628 F2d 936 Sutton v. National Distillers Products Co

628 F.2d 936

27 Fair Empl.Prac.Cas. 323,
24 Empl. Prac. Dec. P 31,233
Jean Rae SUTTON, a/k/a Jean S. Griffin, Plaintiff-Appellant,
Local 32, Defendants-Appellees.

No. 78-3368.

United States Court of Appeals,
Sixth Circuit.

July 1, 1980.

Randal S. Bloch, Wiesen Rosenberg & Wagner, Cincinnati, Ohio, Barbara Besser, Charles Guerrier, Women's Law Fund, Inc., Cleveland, Ohio, for plaintiff-appellant.

Frank Stewart, Cincinnati, Ohio, for National Distillers.

Robert I. Doggett, Cincinnati, Ohio, for Distillery Workers Local 32.

Before ENGEL and KENNEDY, Circuit Judges, and CECIL, Senior Circuit Judge.


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Plaintiff brought this action under Title VII of the Civil Rights Act of 1964, 42 U.S.C. § 2000e, et seq., claiming that the defendant company discriminated against her on the basis of sex while she was working for them as a security guard by relieving her of her duties involving the routine searching of male employees as they left the plant for the day. Plaintiff also claimed damages based on allegations that the company retaliated against her for filing this EEOC claim by terminating her salary continuation benefits during a period of disability and by harassing her while she was in the hospital through a visit by one of their management employees. Plaintiff appeals the decision of the District Court, after a bench trial, in favor of the defendants.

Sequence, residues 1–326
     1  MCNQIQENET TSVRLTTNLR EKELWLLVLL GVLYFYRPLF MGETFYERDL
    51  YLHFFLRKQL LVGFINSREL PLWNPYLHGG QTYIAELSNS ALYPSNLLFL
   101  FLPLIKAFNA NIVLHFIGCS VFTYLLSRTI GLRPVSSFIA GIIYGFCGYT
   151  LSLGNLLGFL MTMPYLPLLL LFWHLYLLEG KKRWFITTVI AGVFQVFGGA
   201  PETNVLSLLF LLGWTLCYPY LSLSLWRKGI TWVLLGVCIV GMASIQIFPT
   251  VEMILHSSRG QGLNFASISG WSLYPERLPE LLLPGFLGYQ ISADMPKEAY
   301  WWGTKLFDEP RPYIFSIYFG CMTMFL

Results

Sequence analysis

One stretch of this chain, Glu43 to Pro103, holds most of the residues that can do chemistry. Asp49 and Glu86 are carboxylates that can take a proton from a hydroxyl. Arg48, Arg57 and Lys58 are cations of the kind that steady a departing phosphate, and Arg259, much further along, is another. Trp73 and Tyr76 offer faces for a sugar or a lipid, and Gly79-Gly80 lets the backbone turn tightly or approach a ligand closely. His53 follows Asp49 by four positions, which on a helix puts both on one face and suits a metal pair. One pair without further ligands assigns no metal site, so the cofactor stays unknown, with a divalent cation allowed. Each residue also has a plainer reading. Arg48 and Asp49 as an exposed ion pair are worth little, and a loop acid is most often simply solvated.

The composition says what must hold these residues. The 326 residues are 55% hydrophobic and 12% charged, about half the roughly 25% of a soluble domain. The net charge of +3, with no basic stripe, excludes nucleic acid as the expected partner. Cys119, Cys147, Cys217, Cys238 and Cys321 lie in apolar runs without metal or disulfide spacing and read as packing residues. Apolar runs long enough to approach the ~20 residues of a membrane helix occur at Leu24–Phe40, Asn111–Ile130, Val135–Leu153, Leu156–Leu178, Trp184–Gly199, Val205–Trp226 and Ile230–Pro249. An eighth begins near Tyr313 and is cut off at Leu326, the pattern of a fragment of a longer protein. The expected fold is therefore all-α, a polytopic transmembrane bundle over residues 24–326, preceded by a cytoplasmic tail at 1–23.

The District Court found that the plaintiff suffered no damage, either in terms of loss of overtime or discrimination in job rotation, as a result of the company's policy of having male guards search male employees. The District Court also concluded that the company had not terminated the plaintiff's salary continuation benefits or harassed her in the hospital in retaliation for her filing of this EEOC claim. After a careful review of the record and briefs we conclude that the District Court's findings on these matters were not clearly erroneous. Since plaintiff was unable to continue her employment because of a physical disability, her claims regarding future damages from discrimination she might suffer in the future, when seniority would place her on shifts where searching responsibilities would be a significant portion of the job, are moot.


Accordingly, the judgment of the District Court is affirmed.